Most novels about eating disorders are written for teens and fall into the category of Y.A. These books don’t necessarily dumb down their treatment of the problem, in fact they’re absolutely necessary for the young people who connect with them, however they do present a specific version of a disease which doesn’t only affect adolescent girls. The way that eating disorders and body dysmorphia manifests in adults — who are dealing with the complex demands of an adult life — is a different beast entirely, and one that is generally missing from the literary canon. It’s an odd oversight in a time when our bodies are more exposed and criticized than ever, and it makes Jessie Chaffee’s debut novel, Florence in Ecstasy, feel especially relevant.
Hannah is a woman in her late twenties whose life in Boston has unraveled after a struggle with anorexia and bulimia. When the book opens, she is in Florence, Italy, where she has escaped to deal with, and sometimes avoid, the problem which led her to a profound isolation from her family, friends, and self. I sat down with Chaffee over coffee to talk about the challenges of writing about a place as romanticized as Italy, her research into the history of women depriving themselves of food, and why she refuses to call her narrative a confessional.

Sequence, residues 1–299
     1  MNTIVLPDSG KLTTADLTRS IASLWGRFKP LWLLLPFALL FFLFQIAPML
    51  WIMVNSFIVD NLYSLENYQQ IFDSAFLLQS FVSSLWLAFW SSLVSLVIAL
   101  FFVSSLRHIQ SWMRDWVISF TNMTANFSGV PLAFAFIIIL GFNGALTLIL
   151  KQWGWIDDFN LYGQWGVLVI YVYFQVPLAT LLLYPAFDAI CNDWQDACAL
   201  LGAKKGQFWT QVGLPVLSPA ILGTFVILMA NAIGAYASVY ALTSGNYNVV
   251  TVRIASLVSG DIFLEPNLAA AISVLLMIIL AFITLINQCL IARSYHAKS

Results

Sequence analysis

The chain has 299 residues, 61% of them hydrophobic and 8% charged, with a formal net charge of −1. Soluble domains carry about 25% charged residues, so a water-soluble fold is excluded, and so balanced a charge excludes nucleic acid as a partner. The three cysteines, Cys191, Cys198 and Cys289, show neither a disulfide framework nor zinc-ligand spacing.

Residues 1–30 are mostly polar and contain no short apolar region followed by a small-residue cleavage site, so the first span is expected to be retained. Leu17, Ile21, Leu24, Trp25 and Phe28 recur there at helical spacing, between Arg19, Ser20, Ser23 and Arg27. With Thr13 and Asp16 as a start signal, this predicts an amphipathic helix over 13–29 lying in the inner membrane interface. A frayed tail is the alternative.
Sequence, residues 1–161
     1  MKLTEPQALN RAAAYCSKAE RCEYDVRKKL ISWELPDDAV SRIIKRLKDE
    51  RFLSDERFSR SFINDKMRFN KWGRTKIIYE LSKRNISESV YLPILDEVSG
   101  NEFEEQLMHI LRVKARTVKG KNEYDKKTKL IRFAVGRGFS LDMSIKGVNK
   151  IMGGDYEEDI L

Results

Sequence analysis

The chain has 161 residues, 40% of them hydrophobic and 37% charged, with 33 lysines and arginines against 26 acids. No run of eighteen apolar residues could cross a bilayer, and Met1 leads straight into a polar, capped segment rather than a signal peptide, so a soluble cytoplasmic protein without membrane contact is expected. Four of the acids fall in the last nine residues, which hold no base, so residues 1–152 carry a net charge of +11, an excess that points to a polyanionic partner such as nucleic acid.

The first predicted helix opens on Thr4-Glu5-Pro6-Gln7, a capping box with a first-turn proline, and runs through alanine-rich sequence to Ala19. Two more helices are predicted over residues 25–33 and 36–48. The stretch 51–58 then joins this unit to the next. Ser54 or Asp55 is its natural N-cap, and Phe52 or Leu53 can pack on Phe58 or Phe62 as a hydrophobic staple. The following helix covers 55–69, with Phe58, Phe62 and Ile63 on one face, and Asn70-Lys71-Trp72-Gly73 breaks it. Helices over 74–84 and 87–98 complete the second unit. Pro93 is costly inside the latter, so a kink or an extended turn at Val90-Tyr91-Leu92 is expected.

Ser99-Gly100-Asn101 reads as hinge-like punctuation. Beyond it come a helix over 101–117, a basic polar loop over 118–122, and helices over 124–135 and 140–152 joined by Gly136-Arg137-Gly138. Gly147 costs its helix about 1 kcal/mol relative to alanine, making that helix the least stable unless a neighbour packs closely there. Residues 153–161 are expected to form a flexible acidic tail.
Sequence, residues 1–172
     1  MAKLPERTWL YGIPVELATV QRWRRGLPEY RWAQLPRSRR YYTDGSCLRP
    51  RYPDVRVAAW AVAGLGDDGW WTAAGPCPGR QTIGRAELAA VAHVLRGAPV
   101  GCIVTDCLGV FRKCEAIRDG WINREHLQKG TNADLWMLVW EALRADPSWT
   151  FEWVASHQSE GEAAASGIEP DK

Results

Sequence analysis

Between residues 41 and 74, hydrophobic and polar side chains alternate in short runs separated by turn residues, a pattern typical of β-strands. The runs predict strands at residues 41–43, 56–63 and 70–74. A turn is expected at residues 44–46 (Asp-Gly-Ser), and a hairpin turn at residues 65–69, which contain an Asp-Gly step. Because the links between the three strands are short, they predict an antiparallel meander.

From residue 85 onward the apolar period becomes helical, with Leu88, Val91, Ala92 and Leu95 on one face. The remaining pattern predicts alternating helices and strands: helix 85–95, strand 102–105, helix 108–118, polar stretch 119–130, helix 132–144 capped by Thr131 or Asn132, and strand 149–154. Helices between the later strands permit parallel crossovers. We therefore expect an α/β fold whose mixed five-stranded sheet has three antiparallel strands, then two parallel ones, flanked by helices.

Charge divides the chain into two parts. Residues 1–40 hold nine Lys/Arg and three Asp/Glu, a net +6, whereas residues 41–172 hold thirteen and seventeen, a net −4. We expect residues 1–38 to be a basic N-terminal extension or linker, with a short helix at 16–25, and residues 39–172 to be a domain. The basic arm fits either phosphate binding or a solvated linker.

Carrie Mullins: Your novel is about a young American woman who has been struggling with an eating disorder. When she leaves her life in Boston, she goes to Florence. Why Florence?